The Alltrack is Volkswagen’s bid to steal Subaru’s lunch money.
The rear seats are fine in terms of head- and legroom, but the tight door cutline might make loading a rear-facing car seat a nuisance. Folding the back seats is child’s play thanks to big release levers in the roomy cargo hold, and the low liftover height makes loading heavy stuff simple. Cargo room is identical to the SportWagen, with up to 66.5 cubic feet. That’s less room than is offered by the Subaru Outback (77.7 cubic feet), as well as popular crossovers like the Honda CR-V (70.9 cubic feet) and the Toyota RAV4 (73.4 cubic feet). The Alltrack even has a pass-through in the rear seats in case, say, you need to transport your skis while also giving three friends a lift back from the slopes. Product planners say that dealers will offer factory winter- and off-road tire packages, as well as an assortment of rugged rubber cargo mats and roof racks.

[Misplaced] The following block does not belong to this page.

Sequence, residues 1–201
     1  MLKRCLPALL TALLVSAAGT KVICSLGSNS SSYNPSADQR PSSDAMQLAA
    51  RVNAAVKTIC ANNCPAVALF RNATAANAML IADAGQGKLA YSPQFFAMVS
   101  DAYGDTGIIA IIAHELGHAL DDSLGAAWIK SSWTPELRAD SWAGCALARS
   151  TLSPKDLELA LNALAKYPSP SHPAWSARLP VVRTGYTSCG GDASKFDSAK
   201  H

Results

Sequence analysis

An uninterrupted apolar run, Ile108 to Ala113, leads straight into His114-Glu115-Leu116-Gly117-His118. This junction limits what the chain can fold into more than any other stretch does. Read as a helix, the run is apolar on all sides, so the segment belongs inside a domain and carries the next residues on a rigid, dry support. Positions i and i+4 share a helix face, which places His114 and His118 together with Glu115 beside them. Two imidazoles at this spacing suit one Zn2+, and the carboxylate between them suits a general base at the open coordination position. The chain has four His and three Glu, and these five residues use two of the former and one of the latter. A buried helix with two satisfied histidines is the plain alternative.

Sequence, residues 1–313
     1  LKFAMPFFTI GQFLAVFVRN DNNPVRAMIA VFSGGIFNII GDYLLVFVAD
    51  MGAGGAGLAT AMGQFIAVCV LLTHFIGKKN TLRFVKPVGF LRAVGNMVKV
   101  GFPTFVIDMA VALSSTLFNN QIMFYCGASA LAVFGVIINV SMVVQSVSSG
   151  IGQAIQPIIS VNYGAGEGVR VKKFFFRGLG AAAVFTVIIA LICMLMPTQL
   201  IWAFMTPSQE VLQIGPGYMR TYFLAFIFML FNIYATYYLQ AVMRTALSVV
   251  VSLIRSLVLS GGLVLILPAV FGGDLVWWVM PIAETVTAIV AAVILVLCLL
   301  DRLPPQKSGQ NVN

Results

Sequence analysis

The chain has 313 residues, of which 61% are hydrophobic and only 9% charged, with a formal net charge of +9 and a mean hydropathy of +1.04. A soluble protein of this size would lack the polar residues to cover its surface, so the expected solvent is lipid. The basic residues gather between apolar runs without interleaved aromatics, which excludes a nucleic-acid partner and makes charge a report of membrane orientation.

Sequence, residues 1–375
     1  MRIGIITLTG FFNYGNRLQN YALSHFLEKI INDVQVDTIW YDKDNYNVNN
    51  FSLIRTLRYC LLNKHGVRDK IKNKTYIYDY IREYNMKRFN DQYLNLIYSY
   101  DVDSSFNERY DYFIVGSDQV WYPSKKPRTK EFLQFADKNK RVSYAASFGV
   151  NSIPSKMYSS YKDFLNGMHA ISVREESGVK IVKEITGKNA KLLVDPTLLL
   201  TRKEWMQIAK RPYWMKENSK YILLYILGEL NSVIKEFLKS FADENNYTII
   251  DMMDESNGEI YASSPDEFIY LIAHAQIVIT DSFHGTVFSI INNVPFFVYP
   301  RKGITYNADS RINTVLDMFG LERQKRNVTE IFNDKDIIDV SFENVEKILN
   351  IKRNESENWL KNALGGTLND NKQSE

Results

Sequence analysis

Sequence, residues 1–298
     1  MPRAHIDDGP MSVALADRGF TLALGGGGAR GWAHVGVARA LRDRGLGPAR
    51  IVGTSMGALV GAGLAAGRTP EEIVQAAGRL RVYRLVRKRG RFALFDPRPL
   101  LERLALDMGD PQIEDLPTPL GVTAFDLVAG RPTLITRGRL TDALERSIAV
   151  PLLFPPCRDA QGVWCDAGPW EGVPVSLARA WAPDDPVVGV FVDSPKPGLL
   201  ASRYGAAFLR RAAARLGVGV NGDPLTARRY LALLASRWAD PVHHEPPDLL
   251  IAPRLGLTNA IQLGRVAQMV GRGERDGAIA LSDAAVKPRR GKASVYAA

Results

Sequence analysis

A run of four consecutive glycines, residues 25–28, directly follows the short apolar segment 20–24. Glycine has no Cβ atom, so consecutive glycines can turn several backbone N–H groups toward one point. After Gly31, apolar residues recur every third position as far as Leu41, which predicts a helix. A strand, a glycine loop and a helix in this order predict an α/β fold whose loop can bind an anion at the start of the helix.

It’s completely fair to cross-shop the Volkswagen Golf Alltrack against the aforementioned Subarus because they’re so similar in mission and in many objective measures. Subjectively, the Volkswagen is more stylish inside and out, has far more powertrain refinement, and offers more standard features. It’s better to drive and, frankly, I’d rather park one in my driveway. Yet the Alltrack could also go up against the new Mini Clubman All4, and even traditional small crossovers; it’s way more appealing to me than the dull Honda CR-V and soporific Toyota RAV4. The trick will just be convincing wagon-averse Americans to take it for a test drive.
Subaru loyalists, take note.
Photos: Jake Holmes / Motor1.com